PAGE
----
So while in all three broad cases there is a single “official” name for each of these pairs of organisms, maybe there is still some value in using the deprecated synonym for the MO observation? Certainly, in my private notes I will continue to use Marchandiomyces (and Sporobolus and Lichenodiplis etc.), Bryoria tortuosa, and Dendriscocaulon spp. What is appropriate on MO?

As a compromise could we create bogus form names for these things? Examples:

Marchandiobasidium aurantiacum f. anamorph
Bryoria fremontii f. tortuosa
Lobaria amplissima f. dendriscocaulon

These recognize the “correct” name while at the same time adding the additional information of which expression is actually being referred to.

It may be worth articulating the goals. For one, maybe it should be possible to search for Marchandiomyces (and Bryoria tortuosa and Dendriscocaulon) to reach the appropriate observations.

Also, I think diversity figures should reflect the presence of both forms, i.e., a place with both forms should be considered richer than a place in which only one occurs; and a place in which a rare form occurs should be protected appropriately. (Especially if that rare form were critical to the entire species survival!)

Any other ideas?

Thank you J-Dar and Zaca, for those very informative
By: Judi T. (AvidAmateur)
2017-04-23 21:11:07 EEST (+0300)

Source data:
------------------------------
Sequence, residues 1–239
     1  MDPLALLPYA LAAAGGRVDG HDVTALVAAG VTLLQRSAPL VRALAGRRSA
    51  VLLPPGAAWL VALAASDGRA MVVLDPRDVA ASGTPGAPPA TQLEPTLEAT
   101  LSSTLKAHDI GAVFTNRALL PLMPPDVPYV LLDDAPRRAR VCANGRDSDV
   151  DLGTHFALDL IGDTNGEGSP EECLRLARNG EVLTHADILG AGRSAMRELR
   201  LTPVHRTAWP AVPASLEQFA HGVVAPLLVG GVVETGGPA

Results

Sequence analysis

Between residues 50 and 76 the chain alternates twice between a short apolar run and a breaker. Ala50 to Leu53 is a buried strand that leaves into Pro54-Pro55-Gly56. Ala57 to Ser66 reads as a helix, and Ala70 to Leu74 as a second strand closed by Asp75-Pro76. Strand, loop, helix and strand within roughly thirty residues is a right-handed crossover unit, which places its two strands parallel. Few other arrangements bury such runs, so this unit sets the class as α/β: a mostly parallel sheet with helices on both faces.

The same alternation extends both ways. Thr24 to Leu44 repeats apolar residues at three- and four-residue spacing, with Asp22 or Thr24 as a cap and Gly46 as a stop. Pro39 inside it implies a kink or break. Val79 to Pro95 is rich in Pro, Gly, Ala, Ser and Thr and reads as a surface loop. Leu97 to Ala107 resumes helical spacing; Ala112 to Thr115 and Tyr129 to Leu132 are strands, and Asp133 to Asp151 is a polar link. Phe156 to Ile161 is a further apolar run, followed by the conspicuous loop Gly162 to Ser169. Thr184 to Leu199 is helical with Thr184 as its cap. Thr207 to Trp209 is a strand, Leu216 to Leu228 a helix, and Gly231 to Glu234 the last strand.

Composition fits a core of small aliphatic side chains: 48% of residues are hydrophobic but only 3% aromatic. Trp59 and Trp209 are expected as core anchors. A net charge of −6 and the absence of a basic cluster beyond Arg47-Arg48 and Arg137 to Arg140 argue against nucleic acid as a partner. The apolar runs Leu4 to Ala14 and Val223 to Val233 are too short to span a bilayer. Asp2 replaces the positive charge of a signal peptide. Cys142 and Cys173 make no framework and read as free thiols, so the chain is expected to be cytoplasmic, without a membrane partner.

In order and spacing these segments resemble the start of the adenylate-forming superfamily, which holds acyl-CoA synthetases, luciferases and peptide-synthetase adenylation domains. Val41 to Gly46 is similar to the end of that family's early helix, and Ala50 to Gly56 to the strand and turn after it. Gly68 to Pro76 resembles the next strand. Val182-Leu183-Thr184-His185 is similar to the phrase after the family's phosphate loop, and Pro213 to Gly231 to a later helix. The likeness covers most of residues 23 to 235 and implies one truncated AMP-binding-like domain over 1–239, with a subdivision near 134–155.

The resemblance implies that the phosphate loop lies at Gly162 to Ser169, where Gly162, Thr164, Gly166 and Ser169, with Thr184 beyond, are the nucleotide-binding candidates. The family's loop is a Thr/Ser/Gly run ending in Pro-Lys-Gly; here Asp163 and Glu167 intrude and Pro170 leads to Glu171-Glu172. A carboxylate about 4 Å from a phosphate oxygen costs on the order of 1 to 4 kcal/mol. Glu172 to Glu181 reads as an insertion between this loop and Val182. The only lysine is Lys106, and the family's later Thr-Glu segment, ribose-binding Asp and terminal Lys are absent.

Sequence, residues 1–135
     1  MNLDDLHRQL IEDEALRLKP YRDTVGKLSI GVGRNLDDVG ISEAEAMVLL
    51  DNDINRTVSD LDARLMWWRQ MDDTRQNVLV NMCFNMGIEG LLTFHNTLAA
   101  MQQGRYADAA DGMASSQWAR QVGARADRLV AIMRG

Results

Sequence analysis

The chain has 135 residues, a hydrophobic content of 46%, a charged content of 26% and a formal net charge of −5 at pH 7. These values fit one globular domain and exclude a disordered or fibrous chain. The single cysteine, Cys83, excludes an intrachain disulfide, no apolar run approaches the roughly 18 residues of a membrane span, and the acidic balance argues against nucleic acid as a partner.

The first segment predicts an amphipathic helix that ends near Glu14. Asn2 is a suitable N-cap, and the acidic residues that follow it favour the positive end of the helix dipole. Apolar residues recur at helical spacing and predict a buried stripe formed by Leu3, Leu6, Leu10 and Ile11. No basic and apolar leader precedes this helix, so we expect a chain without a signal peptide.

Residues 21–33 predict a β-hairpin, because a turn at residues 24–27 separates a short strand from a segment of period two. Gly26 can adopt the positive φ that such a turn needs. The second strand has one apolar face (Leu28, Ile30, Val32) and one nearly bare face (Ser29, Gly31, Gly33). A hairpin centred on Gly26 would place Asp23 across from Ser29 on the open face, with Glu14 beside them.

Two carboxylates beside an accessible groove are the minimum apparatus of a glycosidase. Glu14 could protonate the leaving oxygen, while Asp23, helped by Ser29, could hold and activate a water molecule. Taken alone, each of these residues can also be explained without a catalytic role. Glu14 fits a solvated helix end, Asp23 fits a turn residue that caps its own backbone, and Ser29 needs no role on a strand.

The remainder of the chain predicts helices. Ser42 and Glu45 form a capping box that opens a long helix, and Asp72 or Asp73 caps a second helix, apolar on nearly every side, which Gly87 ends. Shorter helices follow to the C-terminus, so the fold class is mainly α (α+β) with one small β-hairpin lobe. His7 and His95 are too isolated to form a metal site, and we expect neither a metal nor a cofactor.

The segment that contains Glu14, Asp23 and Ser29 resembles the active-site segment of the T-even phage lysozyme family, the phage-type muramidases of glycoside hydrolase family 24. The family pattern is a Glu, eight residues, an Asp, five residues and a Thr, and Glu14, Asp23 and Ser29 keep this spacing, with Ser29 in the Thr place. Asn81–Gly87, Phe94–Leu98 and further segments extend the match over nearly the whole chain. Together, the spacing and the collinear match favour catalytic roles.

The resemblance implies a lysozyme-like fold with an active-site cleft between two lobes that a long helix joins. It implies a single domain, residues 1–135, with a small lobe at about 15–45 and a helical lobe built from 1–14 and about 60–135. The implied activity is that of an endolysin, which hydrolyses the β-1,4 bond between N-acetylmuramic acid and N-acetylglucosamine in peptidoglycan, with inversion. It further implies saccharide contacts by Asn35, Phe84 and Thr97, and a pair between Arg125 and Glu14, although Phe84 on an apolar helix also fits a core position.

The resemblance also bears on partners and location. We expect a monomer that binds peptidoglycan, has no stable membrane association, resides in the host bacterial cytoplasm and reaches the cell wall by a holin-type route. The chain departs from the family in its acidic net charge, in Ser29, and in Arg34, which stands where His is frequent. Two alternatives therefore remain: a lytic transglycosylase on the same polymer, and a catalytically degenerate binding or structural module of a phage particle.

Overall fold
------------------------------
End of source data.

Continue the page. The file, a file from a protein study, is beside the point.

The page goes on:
links. “Phew” is certainly the appropriate expression for describing the information contained therein. I had to read both the paper cited and the Wikipedia definitions twice before getting my brain around the contents. Everyone interested in lichenicolous fungi and/or lichen should check out these links. Interestingly, we can now use the key provided in your link, J-Dar, to expand our “hand lens observations” of the Flavoparmelia, Caloplaca, and Pertusaria species as well as the Physcia in hopes of identifying some additional non-lichenized bulbilliferous basidiomycetes. FUN! And, personally, I find the “one-fungus, one name” decision of the International Botanical Congress to be a welcome development. Time will tell, I guess, if all mycologists will get on board for the long haul.

Thanks also, J-Dar, for your suggestions re: splitting this one observation into two. I also would like to keep the comments intact in order to elucidate the discovery process and teamwork that are the hallmarks of MO’s success … especially when it comes to identifying obscure/cryptic species.

Holomorph: the whole fungus, including anamorphs and teleomorph.
By: zaca
2017-04-22 19:41:19 EEST (+0300)